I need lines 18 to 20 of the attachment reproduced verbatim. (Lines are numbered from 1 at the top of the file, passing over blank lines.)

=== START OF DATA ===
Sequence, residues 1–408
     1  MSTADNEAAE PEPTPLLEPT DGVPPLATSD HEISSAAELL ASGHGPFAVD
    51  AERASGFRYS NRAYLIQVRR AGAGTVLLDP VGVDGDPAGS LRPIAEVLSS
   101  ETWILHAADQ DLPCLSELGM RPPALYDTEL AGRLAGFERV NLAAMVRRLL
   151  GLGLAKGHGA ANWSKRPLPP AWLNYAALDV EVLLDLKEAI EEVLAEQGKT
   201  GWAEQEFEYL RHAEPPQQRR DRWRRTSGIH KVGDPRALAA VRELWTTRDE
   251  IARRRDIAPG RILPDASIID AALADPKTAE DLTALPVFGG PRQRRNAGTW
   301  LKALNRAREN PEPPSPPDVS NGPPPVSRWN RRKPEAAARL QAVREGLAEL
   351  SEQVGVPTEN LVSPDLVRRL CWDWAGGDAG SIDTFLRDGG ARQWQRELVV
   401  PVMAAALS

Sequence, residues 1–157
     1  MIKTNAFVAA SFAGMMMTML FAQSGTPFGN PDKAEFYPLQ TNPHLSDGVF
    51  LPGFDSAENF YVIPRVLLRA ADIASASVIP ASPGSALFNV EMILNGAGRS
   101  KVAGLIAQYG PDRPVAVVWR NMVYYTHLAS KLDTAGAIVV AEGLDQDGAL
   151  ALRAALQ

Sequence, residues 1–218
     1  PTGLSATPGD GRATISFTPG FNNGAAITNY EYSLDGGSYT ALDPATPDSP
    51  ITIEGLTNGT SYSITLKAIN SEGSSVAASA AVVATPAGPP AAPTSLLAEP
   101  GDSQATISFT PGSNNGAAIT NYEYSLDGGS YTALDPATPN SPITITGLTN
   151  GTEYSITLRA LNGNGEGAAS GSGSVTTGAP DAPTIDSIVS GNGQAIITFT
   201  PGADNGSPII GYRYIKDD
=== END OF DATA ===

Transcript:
    51  ITIEGLTNGT SYSITLKAIN SEGSSVAASA AVVATPAGPP AAPTSLLAEP
   101  GDSQATISFT PGSNNGAAIT NYEYSLDGGS YTALDPATPN SPITITGLTN
   151  GTEYSITLRA LNGNGEGAAS GSGSVTTGAP DAPTIDSIVS GNGQAIITFT